Climate change: A new strategy for removing CO2 from the atmosphere shows promise
Scientists have proposed a novel method for drawing carbon dioxide from the atmosphere and storing it in the water.
According to the authors, this innovative method absorbs CO2 from the atmosphere up to three times more effectively than existing techniques.
It is possible to convert the warming gas into bicarbonate of soda and store it affordably and safely in seawater.
According to experts, the new approach might hasten the use of carbon removal technologies.
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While efforts to control and reduce carbon dioxide emissions have been made in recent decades, numerous businesses have instead concentrated on creating technology to remove CO2 from the environment.
Switzerland’s Climeworks are arguably the most well-known. It has created devices to draw air from the atmosphere and filter and trap carbon dioxide molecules over the previous ten years.
GETTY IMAGES, DAC Image Source
Image caption: In Iceland, Climeworks has built the biggest direct air capture plant in the world.
The gathered CO2 is injected deep underground at a facility in Iceland, where it is permanently changed into stone.
Large corporate customers like Microsoft, Spotify, and Stripe are now purchasing the company’s certified carbon removal service.
Cost is a significant issue for the majority of current direct air capture strategies, though.
Although being a potent warming agent, CO2 is somewhat diluted in the atmosphere, with an air concentration of about 400 parts per million (ppm).
This means that in order to both absorb and expel the CO2, massive machinery with high energy requirements are required.
According to the experts involved, this new method, which makes use of readily available resins and other compounds, promises to be far more cost-effective and efficient.
To remove CO2 from the air, the study team “tweaked” existing materials and borrowed a method utilized for applications in water.
In tests, the novel hybrid absorbing substance was able to absorb three times more CO2 than the competition.
plantation of trees IMAGE SOURCE, GETTY IMAGES
Large-scale tree planting is an inexpensive method of capturing direct air, but it consumes a lot of land, as it does in China.
“To my knowledge, there is no absorbing material which even at 100,000 ppm, demonstrates the capability we obtain it in direct air capture of 400 ppm,” said the study’s principal author, Prof. Arup SenGupta from Lehigh University in the US.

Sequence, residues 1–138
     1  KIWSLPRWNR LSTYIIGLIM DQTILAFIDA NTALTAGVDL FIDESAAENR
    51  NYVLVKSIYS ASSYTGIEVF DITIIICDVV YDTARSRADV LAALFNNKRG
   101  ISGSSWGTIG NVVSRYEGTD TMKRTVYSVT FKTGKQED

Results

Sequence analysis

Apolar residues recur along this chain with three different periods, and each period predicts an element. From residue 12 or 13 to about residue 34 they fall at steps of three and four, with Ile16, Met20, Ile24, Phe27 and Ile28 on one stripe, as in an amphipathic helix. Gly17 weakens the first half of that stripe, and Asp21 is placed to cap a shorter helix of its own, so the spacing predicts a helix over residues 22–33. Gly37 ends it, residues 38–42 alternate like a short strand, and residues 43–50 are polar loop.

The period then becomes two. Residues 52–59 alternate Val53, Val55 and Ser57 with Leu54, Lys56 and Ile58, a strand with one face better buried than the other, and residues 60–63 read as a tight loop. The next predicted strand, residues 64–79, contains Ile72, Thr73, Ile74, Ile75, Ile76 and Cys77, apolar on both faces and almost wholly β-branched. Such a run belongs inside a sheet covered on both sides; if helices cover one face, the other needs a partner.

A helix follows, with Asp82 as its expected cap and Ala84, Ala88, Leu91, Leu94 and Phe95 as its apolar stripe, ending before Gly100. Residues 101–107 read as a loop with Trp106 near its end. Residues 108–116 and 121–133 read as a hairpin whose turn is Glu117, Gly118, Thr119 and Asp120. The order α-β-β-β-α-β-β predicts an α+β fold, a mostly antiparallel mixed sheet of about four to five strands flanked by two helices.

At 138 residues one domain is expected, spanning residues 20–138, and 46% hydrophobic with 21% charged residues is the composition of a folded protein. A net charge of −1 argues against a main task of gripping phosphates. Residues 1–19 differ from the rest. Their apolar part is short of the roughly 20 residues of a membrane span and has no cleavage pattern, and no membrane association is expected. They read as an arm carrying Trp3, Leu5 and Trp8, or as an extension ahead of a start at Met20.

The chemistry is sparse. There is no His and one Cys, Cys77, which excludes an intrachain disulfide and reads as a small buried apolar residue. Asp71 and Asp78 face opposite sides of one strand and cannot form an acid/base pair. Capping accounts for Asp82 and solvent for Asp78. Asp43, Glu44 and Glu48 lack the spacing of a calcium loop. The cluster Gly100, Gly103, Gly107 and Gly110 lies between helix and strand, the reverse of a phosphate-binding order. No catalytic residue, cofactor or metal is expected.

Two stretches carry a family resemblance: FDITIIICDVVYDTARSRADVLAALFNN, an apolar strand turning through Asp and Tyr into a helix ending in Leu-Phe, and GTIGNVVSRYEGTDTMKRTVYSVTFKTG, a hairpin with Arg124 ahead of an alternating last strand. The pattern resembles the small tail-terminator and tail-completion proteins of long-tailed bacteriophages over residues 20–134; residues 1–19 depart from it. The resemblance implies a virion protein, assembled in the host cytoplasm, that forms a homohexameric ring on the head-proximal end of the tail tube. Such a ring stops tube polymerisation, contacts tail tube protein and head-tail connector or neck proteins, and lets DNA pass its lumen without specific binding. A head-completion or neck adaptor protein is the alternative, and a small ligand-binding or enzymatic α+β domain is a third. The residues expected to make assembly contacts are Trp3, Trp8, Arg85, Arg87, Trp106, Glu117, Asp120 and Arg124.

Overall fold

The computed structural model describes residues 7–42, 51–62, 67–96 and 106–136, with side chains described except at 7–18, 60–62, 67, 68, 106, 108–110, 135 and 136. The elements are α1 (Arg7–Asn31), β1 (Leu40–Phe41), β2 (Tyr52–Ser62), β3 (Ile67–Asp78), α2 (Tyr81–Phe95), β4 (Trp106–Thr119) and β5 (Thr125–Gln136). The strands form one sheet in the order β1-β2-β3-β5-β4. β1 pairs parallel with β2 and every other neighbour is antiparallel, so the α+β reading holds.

Our technique is unusual in that it can easily capture a large amount of CO2 in a tiny amount of material.
Even though the development is still in its early phases, others in the industry have embraced it.
“I am glad to see this study in the published literature, it is really exciting, and it stands a high possibility of revolutionizing the CO2 collection efforts,” said Prof. Catherine Peters from Princeton University, a geological engineering expert who wasn’t involved in the research endeavor.
“What makes this clever is that it began with a technology that was formerly intended for use in the sea. This development introduces the gas phase to this technology—a novel concept.”
“The demonstrated CO2 capture performance is encouraging.”
What to deal with the gas that is trapped after CO2 is captured is one of the major issues.
One popular method is to store it underwater or in the sea in old oil wells. But, the new study contends that the captured CO2 may be converted into bicarbonate of soda and stored conveniently and securely in seawater by adding a few chemicals.
SOURCE OF IMAGE: GETTY IMAGES
Despite the fast adoption of renewable energy, it is anticipated that significant carbon removal will also be necessary to control global warming. Dr. SenGupta says he now wants to create a spin-off firm to advance the technique.
He thinks that eliminating CO2 in this way will be essential to preventing a significant increase in global temperatures and may also directly benefit developing nations.
We must bring it to nations like Bangladesh, Barbados, or the Maldives because they also have a role to play and cannot continue to suffer in silence.
Some scientists are hesitant to place too much focus on novel and developing technologies, such as direct air capture, out of concern that it would undermine efforts by individuals and governments to reduce carbon emissions.
However, many others believe that the quick implementation of direct air capture in addition to significant reductions in carbon is the best hope of preventing disastrous climate change because the temperature thresholds of the Paris climate agreement are in jeopardy due to rising emissions.
As a result of the fact that we are unquestionably in an overshoot regime and need to remove carbon from the environment, Prof. Klaus Lackner, a pioneer in the field of removing CO2, stated that it has become even more crucial.
“To be of use, DAC will have to become more affordable. I have faith that it can accomplish this.”
His optimism is shared by Professor SenGupta, who thinks that this novel strategy can eliminate CO2 for less than $100 per tonne.